I still think that Eoin and Faye will find their way back though… Can’t wait to see what happens.

What about you? Have you ever had to make harsh choices about your characters? How did you come to your decision? How did it work out?

Rewriting

Hi all!

Firstly, a big welcome and thank you to all of the new faces that have joined up recently. I hope that you enjoy it here.

Just want to remind you all to contact me for a GPF slot. And remember, you need to please be a follower before you can post. I need one more blogger for the third week of February. If you are interested , please contact me at mishagericke@gmail.com (mishagericke(AT)gmail(dot)com).

Thanks to everyone who have shown interest so far. This is going to be awesome.

Then, I have finally joined twitter. So if you want to see my convoluted ramblings, go follow me @MishaMFB. I will follow you in return.

Finally, I am sorry for my absence yesterday, my Internet went fuzzy because it was the end of the month.

Back to the blog.

When I opened this post, I realized to my horror that I have no idea about a topic.

Luckily, it didn’t take that long for me to realize that I have mentioned almost nothing about my progress.

So how am I doing?

Well…

My rewrite and first draft coincide only on the first chapter. The rest have been shifted, deleted and added to within an inch of their lives. In fact, I am finding very little of my original work that is falling into the pacing and structure as I envisaged it.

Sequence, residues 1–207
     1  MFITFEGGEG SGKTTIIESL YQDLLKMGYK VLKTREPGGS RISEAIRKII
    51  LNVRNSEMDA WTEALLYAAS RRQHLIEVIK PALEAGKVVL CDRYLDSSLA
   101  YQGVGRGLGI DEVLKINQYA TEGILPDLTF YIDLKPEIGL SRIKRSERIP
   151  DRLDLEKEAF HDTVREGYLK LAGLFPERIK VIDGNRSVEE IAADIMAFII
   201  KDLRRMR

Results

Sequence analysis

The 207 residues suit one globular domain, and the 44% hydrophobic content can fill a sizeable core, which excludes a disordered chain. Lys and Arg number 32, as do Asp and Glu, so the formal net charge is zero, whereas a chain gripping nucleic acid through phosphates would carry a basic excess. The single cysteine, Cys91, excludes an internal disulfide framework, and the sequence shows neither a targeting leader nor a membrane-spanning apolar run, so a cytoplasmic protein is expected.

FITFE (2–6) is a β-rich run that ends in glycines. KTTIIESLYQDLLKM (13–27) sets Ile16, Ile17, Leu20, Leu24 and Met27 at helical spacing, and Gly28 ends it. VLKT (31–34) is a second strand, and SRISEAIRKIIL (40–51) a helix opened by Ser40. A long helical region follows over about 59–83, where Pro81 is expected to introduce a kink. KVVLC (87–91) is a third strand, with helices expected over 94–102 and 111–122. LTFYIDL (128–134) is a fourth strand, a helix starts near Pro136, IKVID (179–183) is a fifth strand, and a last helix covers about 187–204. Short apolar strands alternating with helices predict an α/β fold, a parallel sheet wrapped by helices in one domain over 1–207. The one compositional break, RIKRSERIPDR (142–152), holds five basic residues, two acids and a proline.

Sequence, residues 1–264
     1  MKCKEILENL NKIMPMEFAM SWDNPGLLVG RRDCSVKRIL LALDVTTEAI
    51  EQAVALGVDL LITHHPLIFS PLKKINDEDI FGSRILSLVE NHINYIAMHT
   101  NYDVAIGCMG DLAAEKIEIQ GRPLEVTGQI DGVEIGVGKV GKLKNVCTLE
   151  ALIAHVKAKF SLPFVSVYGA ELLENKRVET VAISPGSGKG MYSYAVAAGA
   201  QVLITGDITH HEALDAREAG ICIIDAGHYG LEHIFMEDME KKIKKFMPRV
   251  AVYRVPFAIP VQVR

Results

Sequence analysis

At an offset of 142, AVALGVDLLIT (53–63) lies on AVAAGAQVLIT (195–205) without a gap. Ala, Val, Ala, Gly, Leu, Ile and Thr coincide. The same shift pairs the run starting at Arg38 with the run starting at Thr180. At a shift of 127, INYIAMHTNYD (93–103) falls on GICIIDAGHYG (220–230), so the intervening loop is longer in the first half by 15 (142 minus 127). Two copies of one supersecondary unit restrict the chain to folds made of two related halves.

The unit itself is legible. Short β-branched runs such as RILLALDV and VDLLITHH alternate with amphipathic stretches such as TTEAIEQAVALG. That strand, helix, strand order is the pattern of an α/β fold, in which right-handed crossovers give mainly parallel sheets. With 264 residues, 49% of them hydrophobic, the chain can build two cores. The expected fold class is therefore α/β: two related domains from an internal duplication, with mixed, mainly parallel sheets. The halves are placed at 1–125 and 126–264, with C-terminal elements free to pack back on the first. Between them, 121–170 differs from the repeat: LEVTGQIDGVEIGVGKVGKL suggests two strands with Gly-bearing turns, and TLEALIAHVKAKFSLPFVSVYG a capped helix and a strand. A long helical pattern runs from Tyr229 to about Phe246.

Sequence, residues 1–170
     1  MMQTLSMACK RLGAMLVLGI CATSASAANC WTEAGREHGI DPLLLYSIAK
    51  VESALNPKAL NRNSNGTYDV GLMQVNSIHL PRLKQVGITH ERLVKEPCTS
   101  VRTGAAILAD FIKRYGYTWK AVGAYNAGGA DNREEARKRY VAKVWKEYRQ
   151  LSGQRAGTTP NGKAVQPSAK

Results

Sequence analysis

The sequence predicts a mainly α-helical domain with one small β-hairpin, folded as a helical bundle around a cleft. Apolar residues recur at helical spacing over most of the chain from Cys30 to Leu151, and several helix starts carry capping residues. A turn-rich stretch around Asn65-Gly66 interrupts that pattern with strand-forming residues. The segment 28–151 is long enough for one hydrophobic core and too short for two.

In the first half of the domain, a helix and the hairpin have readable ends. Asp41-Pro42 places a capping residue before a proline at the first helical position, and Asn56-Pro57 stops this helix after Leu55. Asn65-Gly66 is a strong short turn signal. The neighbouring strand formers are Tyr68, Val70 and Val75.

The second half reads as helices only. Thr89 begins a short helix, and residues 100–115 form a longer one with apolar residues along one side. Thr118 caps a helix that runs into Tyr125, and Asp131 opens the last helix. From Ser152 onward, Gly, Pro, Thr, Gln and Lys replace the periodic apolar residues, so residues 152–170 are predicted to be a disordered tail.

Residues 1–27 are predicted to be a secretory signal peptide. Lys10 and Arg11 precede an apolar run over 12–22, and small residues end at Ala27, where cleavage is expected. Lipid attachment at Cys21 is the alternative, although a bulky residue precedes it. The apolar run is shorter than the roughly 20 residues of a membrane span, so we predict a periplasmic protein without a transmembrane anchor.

Good side to this is that I haven’t been this excited about the story in a long time. The cleaning up has done wonders for the book and the plot holes are slowly being filled or removed.

So far I am absolutely loving the rewriting experience, although it doesn’t really offer the same sort of exhilaration as creating something from scratch. Yes, things are substantially changed, but it still comes from a story already written. But it is especially gratifying to know that the story is getting better now.

I must say that there are some issues with the structure, but it has already been improved this time around. Hopefully I will sort out the rest when I start to edit.
Will I make my 30 April goal? At this rate, I’ll make it by the end of February. On the other hand, I’m not sure if I can maintain the rate at this time though, since we have guests again. Still, in exchange for seeing these wonderful three people, I am willing to finish a little later.

What about you? Any of you rewriting? How are things going for you? And for those who are editing, querying and creating?